Don’t do this! Using a box to test vertical jump shouldn’t be an option let alone the last choice. Whenever choosing an exercise we have to look at the options for scaling (up/down), and lateralization then program the one that makes the most sense or not at all.

Vertical jump testing is sport specific, so if you’re thinking of programming it for your gym or client, here’s a link to my post about why you probably shouldn’t – BOX JUMPS DON’T MEASURE VERTICAL JUMP.

The first and most logical choice for vertical jump testing should be the Jump-and-Reach test.  It’s easy to set up, perform, and it doesn’t require any equipment. There are other ways to measure and it’ll be beneficial to your clients for you know about them. With that in mind, if you have to use a box to test, you might as well do it correctly.


Knowing the different testing methods and equipment available can help us choose the best option for providing meaningful results. Listed below are only a few of the more common ones all with varying levels of accuracy.

The Jump-and-Reach Test (Sargent Jump Test) is the classic testing method. The jump height is calculated as the difference between the highest point an athlete can reach with one arm at the apex of their jump, and their standing reach with the same arm. This is the most simple and practical method of testing. The Jump-and-Reach Test can be executed using a wall or a Vertec system seen during the NFL Scouting Combines.

Contact mats generally only measure the amount of time an athlete is in the air from initial contact to landing. The jump height is estimated using the Time of Flight method.

Force plates are very expensive devices that can measure everything from flight time to the ground reaction force of each foot, and more. The most accurate vertical jump is provided by the force plates because they collect more precise data points, and jump height is calculated using the Impulse-momentum theorem.

It’s important to note that contact mats and force plates are not the same. They collect different amounts of data, can be used in combination with other devices, and are used for more than just calculating jump height.

The best method is the one that can be repeated, using equipment that can be afforded, and at the level of validity required for the population being tested.


Establishing testing standards and the choice of procedures are vital to collecting dependable data. Consistency provides test repeatability, reliability, and comparability.

The protocol chosen for our testing purposes resemble jumps more naturally performed by the general and recreationally active population, and creates the best advantage for vertical displacement.

The jumping procedure is a two foot takeoff and landing from standstill, using a countermovement jump with a double-arm swing. Our aim is to measure the maximal height at which an athlete is able to displace their centre of mass to determine jump height.


A couple small additions to the testing procedure will provide a more accurate measure of vertical displacement with a box jump.

The jumping procedure using a box is a two foot takeoff from standstill, using a countermovement jump with a double-arm swing, maintaining straight legs during the flight phase, and two foot landing on the box with straight legs.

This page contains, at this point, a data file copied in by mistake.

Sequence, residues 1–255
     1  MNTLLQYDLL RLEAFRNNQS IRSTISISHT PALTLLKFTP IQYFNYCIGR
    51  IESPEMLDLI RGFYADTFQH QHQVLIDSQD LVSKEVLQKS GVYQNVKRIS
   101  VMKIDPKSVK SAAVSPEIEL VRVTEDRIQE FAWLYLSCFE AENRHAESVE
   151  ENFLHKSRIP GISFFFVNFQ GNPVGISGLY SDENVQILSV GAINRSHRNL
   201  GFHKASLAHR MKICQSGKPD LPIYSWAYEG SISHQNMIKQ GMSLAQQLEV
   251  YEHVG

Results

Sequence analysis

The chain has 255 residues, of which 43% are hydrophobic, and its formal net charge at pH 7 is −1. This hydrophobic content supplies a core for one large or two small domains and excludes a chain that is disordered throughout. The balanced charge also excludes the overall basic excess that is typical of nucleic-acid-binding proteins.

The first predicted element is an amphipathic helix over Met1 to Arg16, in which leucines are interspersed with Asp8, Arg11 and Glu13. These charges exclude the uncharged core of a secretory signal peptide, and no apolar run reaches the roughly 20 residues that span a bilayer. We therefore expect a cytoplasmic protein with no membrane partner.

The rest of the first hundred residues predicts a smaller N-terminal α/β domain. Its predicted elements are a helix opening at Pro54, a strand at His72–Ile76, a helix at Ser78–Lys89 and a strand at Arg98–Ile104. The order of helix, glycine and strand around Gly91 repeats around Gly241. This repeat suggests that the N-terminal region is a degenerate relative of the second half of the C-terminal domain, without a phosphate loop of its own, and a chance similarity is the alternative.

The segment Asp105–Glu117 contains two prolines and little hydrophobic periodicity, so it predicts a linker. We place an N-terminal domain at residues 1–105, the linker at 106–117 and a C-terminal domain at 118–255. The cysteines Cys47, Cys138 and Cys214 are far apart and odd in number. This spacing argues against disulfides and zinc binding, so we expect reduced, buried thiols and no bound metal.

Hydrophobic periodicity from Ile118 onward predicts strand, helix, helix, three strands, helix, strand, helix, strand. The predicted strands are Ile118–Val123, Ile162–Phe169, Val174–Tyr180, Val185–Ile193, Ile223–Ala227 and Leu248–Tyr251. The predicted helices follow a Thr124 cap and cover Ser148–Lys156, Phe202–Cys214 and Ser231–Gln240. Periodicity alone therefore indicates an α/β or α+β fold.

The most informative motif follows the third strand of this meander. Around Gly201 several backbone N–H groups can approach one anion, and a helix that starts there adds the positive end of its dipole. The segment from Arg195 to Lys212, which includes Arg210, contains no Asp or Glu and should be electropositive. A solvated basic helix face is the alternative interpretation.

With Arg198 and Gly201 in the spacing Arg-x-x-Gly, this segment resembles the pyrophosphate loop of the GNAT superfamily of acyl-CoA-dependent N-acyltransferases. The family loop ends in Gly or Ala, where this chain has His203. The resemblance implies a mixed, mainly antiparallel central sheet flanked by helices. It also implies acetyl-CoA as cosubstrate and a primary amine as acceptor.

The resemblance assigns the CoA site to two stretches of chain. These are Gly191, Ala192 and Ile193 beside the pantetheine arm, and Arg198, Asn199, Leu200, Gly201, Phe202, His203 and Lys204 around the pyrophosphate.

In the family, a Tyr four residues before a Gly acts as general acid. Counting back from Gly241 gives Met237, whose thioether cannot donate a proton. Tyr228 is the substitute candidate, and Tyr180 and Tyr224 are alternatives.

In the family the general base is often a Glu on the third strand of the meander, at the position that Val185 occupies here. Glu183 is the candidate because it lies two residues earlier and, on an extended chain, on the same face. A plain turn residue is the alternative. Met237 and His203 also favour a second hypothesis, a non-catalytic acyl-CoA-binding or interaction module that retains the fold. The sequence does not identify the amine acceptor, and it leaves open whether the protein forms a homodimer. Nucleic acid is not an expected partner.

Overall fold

The vertical displacement is calculated as the difference between the two foot straight-leg landing on the box, and the two foot straight-leg standstill from the ground. The height measured should equal the same if calculating the difference between the peak and start center of mass. The height of the box can now be used to measure the vertical jump height.


As shown in the video, it’s certainly a more accurate measure of center of mass displacement as compared to the max height box jump that’s typically misused. The accuracy from this test is debatable because of some horizontal displacement, overestimation due to ankle dorsiflexion, and minor posterior pelvic tilt just to name the few obvious ones. 

As compared to the max box jump, the reasons why this testing method is more accurate is because landing with straight legs forces the athlete to keep full extension of the hips and knees during the flight phase of the jump. Without the ability to flex at the hips and knees, the athlete isn’t able to rely on putting their feet over the elevated surface. The athlete must focus on the force of the jump to translate their whole body onto the box.

In order for the test to be a more true vertical jump test, the athlete cannot bend their knees or hips during the flight phase. The athlete is however, allowed some knee flexion upon landing after their feet have made contact with the box to decrease the impact forces on the knee joints.


Don’t be fooled because the risks for injury from this testing method are still the same as doing a max height box jump. Even progressively increasing box heights for adaptation to the odd landing sensation, and utilizing the benefit of decreased impact stress on joints from an elevated landing platform, the potential for knee and falling injuries still exist.

Lack of knee flexion upon landing means lack of hamstring contraction which leads to over-engagement of the quads. This could cause anterior translation of the tibia potentially putting the ACL at risk of injury.

The point of this post is say that there’s a right way to do things and there’s unnecessarily over complicated stuff on the internet. Just because an exercise or movement ability exists, doesn’t mean it’s bad (unless it’s subjectively terrible and stupid); it’s probably just not right for you, your client, their goals, or anyone alive on earth.

Chris Luu, SMT(cc), RMT, SFMA, CFSC, FRCms